Application of C1-Esterase Inhibitor During Reperfusion of Ischemic Myocardium
Dose-Related Beneficial Versus Detrimental Effects
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Background— Complement activation during reperfusion of ischemic myocardium augments myocardial injury, and complement inhibition with C1-esterase inhibitor (C1-INH) at the time of reperfusion exerts marked cardioprotective effects in experimental studies. Application of C1-INH in newborns, however, was recently reported to have dangerous and even lethal side effects. This study addresses the essential role of dosage in studies using C1-INH.
Methods and Results— Cardioprotection by C1-INH was examined in a pig model with 60 minutes of coronary occlusion followed by 120 minutes of reperfusion. C1-INH was administered intravenously 5 to 10 minutes before coronary reperfusion without heparin at a dose of 40, 100, and 200 IU/kg body wt. Compared with the NaCl controls, C1-INH 40 IU/kg reduced myocardial injury (44.1±13.8% versus 76.7±4.6% necrosis of area at risk, P≤0.05) and significantly suppressed local C3a and C5a generation. Myocardial protection was accompanied by reduced plasma concentrations of creatine kinase and troponin T. In contrast, no beneficial effects were observed when 100 IU/kg C1-INH was used. Furthermore, application of 200 IU/kg C1-INH provoked severe side effects and coagulation disorders.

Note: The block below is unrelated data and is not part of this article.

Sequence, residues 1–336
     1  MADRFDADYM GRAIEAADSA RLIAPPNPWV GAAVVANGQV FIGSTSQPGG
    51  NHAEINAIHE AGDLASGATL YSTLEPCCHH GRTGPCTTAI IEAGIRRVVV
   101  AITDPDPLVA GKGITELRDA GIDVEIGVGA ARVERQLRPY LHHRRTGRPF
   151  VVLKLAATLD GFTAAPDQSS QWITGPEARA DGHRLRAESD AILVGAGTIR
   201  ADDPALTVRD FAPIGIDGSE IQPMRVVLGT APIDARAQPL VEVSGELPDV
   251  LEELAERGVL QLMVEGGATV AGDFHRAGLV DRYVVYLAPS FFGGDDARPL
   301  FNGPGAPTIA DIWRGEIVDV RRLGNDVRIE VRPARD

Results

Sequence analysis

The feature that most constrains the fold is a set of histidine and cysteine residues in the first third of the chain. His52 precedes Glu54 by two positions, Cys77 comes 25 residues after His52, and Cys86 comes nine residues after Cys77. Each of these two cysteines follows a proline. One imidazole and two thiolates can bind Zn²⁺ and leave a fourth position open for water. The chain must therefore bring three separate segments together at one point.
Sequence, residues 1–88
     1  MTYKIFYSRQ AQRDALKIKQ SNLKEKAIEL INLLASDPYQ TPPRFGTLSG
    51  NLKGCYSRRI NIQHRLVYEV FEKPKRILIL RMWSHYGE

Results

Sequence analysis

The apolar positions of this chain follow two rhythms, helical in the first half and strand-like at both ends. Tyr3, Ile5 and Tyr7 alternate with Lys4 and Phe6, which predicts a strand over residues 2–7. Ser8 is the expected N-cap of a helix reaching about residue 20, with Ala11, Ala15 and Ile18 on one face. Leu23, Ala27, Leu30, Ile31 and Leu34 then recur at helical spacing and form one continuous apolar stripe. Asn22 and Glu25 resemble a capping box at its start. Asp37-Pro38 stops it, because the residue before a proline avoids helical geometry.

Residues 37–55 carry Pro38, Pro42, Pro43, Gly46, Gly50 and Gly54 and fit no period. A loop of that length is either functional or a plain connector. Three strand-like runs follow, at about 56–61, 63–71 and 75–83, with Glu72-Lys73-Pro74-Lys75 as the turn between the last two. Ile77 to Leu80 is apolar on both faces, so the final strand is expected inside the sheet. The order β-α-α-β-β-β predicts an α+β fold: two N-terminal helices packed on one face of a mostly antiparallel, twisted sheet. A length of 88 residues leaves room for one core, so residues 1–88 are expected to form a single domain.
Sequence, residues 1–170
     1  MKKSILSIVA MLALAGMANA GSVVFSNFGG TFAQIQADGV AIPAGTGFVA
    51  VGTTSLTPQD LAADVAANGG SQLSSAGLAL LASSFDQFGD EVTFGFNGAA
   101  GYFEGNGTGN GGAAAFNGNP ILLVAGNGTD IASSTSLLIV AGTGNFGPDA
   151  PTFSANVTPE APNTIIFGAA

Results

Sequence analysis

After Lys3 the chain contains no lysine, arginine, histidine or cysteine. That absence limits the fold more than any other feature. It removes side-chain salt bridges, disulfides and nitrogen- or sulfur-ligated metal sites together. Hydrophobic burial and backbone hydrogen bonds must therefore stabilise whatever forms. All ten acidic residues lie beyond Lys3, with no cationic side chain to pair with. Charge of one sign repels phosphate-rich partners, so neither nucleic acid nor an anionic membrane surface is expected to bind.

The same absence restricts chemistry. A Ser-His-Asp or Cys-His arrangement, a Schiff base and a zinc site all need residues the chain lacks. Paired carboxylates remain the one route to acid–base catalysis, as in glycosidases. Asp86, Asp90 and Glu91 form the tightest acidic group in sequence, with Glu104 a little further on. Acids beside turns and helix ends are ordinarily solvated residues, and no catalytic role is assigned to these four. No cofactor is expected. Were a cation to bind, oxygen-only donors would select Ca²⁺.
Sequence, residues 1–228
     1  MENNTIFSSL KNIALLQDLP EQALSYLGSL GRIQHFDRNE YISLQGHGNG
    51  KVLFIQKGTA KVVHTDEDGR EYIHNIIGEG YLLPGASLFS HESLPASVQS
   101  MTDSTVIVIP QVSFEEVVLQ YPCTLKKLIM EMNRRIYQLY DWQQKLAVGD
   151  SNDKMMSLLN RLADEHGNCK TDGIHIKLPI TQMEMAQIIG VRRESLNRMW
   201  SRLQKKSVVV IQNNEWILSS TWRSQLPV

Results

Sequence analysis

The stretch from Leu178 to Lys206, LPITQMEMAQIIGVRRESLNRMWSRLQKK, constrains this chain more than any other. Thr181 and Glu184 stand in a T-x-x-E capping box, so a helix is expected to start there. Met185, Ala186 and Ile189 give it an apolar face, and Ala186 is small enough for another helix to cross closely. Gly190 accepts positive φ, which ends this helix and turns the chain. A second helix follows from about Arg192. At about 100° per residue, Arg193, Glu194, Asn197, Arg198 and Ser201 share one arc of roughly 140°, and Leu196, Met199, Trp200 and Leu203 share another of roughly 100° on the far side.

Conclusions— When applied at the correct dose, C1-INH significantly protects ischemic tissue from reperfusion damage. However, overly high doses (≥100 IU/kg) of C1-INH will provoke detrimental side effects, probably via its procoagulatory action.
Received September 13, 2001; revision received October 16, 2001; accepted October 16, 2001.